The inet_pton() function converts an address in its standard text presentation form into its numeric binary form.  The inet_ntop() function converts a numeric address into a text string.  The af argument specifies the family of the address.  This can be AF_INET or AF_INET6. In order to allow applications to easily declare buffers of the proper size to store IPv4 and IPv6 addresses in string form, the following two constants are defined in <netinet/in.h>:

      #define INET_ADDRSTRLEN    16
      #define INET6_ADDRSTRLEN   46

Protocol-Independent Nodename translation
  Nodename to address translation is done in a protocol independent manner by the use of the getaddrinfo() function. 

  int getaddrinfo(const char *nodename, const char *servname,
                  const struct addrinfo *hints, struct addrinfo **res);

  The getaddrinfo() function translates the name of a service location
   (for example, a host name) and/or a service name and returns a set of
   socket addresses and associated information to be used in creating a
   socket with which to address the specified service.
   We would be using getaddrinfo() for all nodename to address translation. The use of this is explained in a sample code later. 
   The getaddrinfo() could return a list of addresses (IPv4 or IPv6 or both) after nodename is translated. The aim is try all addresses when communicating with a host till one succeeds.

  Till now we have mentioned the key aspects to be considered while porting IPv4 applications to be IPv6 aware.

  We shall try to illustrate two functions which are IPv6 aware and which fallback to IPv4 code if IPv6 is not enabled during compile time or if IPv6 support is not available on the host during run time.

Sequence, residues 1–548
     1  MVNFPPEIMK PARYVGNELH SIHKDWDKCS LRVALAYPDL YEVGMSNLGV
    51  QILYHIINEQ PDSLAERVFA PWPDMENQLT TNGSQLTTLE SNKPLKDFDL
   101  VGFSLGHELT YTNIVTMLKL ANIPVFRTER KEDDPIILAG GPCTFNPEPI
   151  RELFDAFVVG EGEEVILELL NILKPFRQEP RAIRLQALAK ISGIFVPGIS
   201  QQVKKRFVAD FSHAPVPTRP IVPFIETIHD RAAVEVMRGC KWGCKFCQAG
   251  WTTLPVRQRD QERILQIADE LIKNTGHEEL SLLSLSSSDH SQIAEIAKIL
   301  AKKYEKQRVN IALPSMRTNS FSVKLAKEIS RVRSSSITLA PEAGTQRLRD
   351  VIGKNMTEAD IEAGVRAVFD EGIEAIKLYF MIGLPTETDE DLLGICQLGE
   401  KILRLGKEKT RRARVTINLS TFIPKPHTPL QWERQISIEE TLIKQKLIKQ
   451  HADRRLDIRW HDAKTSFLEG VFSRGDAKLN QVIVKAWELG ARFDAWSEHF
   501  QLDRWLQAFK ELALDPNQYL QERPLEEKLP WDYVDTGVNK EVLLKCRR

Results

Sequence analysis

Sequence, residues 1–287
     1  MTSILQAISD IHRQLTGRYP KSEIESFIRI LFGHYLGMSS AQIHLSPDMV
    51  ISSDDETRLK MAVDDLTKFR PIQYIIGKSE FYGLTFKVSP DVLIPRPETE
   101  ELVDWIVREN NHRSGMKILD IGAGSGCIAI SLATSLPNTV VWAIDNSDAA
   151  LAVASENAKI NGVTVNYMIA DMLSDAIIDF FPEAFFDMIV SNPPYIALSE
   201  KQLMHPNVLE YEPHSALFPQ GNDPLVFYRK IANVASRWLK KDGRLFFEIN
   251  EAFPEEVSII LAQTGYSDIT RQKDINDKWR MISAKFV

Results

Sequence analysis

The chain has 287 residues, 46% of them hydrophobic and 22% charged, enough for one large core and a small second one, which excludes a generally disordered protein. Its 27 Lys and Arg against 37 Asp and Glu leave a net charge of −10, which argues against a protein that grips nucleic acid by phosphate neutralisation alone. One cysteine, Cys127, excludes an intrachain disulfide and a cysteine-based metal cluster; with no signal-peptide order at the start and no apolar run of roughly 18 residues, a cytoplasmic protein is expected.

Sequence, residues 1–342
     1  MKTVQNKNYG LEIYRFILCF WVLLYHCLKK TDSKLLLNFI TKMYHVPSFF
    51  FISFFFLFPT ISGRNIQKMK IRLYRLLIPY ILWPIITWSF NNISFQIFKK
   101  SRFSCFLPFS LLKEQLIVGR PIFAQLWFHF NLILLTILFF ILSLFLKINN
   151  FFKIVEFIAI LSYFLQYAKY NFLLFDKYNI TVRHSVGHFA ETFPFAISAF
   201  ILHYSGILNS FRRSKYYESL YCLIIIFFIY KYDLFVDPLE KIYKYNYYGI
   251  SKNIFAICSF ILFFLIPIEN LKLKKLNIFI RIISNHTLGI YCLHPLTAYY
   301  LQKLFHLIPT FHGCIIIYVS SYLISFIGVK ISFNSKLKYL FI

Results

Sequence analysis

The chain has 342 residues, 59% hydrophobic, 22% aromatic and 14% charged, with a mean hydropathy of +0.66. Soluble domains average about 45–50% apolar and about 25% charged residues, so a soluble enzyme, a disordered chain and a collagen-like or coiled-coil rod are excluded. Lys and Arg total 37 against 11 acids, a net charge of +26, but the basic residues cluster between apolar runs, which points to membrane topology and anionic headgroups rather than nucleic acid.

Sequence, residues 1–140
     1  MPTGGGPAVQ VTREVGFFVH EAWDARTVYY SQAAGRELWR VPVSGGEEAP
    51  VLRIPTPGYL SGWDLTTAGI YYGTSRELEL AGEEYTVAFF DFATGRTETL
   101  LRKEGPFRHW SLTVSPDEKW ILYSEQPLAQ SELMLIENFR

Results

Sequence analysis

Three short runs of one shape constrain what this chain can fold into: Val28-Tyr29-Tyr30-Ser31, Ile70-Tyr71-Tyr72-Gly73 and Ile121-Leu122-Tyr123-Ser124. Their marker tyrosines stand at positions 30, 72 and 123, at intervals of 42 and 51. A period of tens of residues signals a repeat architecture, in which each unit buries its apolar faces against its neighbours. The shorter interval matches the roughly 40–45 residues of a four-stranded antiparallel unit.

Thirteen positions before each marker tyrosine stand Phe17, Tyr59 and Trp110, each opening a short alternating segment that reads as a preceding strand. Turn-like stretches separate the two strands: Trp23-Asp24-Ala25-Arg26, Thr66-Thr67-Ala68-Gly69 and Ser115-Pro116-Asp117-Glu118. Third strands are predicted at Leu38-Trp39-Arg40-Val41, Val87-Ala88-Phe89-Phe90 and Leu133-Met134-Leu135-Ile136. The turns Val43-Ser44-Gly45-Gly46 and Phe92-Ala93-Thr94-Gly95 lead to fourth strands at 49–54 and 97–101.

The first function is ipv6_test_bind_accept()

/* Server code. Bind to port and accept connections */

int ipv6_test_bind_accept(int port)
 int lsock, newsock; /* The listen socket */

#if defined (ENABLE_IPV6)
  struct sockaddr_in6 sin6;
  struct sockaddr_in6 fsin6;
  struct sockaddr_in sin;
  struct sockaddr_in fsin;
  struct sockaddr *saddr, *fsaddr;
  int socklen, fsocklen;
  int sock_opt;

#ifdef ENABLE_IPV6
  if (ipv6_supported()) { /* Runtime check for IPv6 */
    memset(&sin6, 0, sizeof (sin6));

    sin6.sin6_family = AF_INET6; /* Address family is AF_INET6 */
    sin6.sin6_port = htons(port);
    sin6.sin6_addr = in6addr_any; /* Specify any address */
                                  /* Addresses of IPv4 nodes would be specified
                                     as IPv4-mapped addresses */

    /* Try to create a socket for listening */
    lsock = socket (AF_INET6, SOCK_STREAM, 0);